I went over to the volunteer tent to queue for my tea and sandwiches and got chatting to Sean Campbell The CEO of Foróige. No drink – he told me – was a major key in ensuring the success of these events. ‘Even if the volunteers go away for a week with the kids – there is no drink the whole time. We have to set an example - show young people they can enjoy themselves without it.’
His attitude was refreshing. ‘Learn to drink responsibly’ is the best we can do when it comes to a national mantra around alcohol abuse. But what does that actually mean? The implication is that drinking alcohol is such an important and integral part of life that it’s essential you learn to do it ‘properly’. Not doing it at all is rarely presented as an option. As a non-drinker people often express astonishment that I am able to socialise ‘normally’ without the aid of alcohol. If I was a teenager being told by my mother not to drink – yet I knew she needed half-a bottle of wine inside her in order to be able to get up and dance at a wedding would I listen to her line of reasoning? Our drink culture remains juvenile into adulthood. ‘I got hammered last night,’ people complain when they get hangovers, ‘I just can’t do it any more.’  Nobody ever says ‘I don’t want to do this any more because it’s pointless and makes me stupid and boring.’  We continue to aspire to drinking too much into parenthood – sending our kids the message that drinking is fun.
Small wonder they want to go out and drink as soon as they can. It’s do as I say not do as I do.

At half ten I was called away for my audience with Bressie along with a selected group of teens. I tried to work myself up into frenzy of infatuation but while he’s a nice young man who is sometimes on the telly I discovered that the teen gene couldn’t undo the jading of forty-odd years – so I remained underwhelmed.
However watching the kids go crazy when he came on stage picked me up again.
At one am when the gig was over, the sky lit up with a massive firework display. Nearly two thousand kids raised their faces to the sky in sober silence gasping at the show.  The fireworks bought this celebration of life to a dramatic and significant close. The adults had invested hard work (an money) to bring this night together but they did all this because they believe the kids are worth it – and you know what? They really are.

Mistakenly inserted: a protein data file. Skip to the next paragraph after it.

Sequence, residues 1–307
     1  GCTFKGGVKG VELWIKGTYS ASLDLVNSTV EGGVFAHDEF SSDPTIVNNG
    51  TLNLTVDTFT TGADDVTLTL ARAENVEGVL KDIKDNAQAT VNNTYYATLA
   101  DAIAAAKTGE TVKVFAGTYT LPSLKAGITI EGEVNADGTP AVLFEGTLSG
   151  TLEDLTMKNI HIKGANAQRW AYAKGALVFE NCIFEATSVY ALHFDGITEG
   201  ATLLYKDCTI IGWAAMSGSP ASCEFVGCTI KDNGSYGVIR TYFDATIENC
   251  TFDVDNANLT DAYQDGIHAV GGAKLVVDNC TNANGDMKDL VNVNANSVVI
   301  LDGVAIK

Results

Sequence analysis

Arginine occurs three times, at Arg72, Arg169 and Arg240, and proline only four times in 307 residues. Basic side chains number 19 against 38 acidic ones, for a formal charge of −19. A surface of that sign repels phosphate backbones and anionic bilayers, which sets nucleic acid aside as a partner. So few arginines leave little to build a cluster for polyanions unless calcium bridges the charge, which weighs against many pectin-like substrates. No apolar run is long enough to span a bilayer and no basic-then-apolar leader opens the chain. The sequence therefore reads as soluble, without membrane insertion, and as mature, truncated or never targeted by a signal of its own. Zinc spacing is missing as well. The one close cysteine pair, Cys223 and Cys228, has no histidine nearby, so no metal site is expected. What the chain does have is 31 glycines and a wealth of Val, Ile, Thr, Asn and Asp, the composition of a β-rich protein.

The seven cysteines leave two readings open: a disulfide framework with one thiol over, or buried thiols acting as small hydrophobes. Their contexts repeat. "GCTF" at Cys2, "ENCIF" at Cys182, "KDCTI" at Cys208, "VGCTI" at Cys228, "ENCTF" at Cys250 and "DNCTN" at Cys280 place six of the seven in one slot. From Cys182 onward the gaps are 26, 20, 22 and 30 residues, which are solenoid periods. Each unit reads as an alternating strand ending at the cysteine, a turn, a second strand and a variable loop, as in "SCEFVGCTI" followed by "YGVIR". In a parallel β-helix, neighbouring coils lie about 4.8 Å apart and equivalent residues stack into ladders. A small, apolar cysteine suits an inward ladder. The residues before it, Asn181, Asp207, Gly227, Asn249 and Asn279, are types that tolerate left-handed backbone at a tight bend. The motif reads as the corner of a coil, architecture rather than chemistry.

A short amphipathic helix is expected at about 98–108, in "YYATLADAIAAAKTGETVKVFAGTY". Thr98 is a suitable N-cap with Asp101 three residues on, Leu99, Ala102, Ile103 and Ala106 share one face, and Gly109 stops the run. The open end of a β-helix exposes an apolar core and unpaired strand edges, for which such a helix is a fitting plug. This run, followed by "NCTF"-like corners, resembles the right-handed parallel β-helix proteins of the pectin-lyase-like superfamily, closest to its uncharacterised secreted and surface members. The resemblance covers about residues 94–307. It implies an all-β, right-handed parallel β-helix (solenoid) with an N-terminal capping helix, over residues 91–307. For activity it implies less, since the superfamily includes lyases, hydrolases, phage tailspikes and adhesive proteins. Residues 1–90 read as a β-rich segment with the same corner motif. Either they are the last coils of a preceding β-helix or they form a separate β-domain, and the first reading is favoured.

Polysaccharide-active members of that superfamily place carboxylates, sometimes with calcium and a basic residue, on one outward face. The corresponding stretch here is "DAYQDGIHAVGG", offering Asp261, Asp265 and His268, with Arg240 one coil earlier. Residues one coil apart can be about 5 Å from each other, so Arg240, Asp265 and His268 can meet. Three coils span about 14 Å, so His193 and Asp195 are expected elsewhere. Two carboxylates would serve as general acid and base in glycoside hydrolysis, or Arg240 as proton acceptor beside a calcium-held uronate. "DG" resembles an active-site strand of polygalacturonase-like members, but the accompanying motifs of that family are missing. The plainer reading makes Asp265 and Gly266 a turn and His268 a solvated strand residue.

At the end of a long night the teens were still high on energy and excitement. They were hugging and chatting and being so sweet to each other outside the camping marquee. There would be no sleep got and all the adults looked thoroughly knackered already but I could totally understand why they wanted to be there. I had forgotten that being around teenagers is actually really good fun.
I slept in my campervan next to a marquee full of three hundred hyped-up teens. Nobody banged on the roof of my van or rocked it in the middle of the night as has happened at other festivals I’ve been to. In the morning we all feasted, bleary eyed on breakfast rolls and tea in paper cups.
Honestly - I can’t remember the last time I enjoyed a night out like it.
It occurred to me then that if a volunteer organisation can organise an event like this for kids – why can’t the rock promoters? The answer, of course, is that the promoter’s motivation is making money and Foróige’s priority is the kids’ welfare.
If only there was some way of combining the two.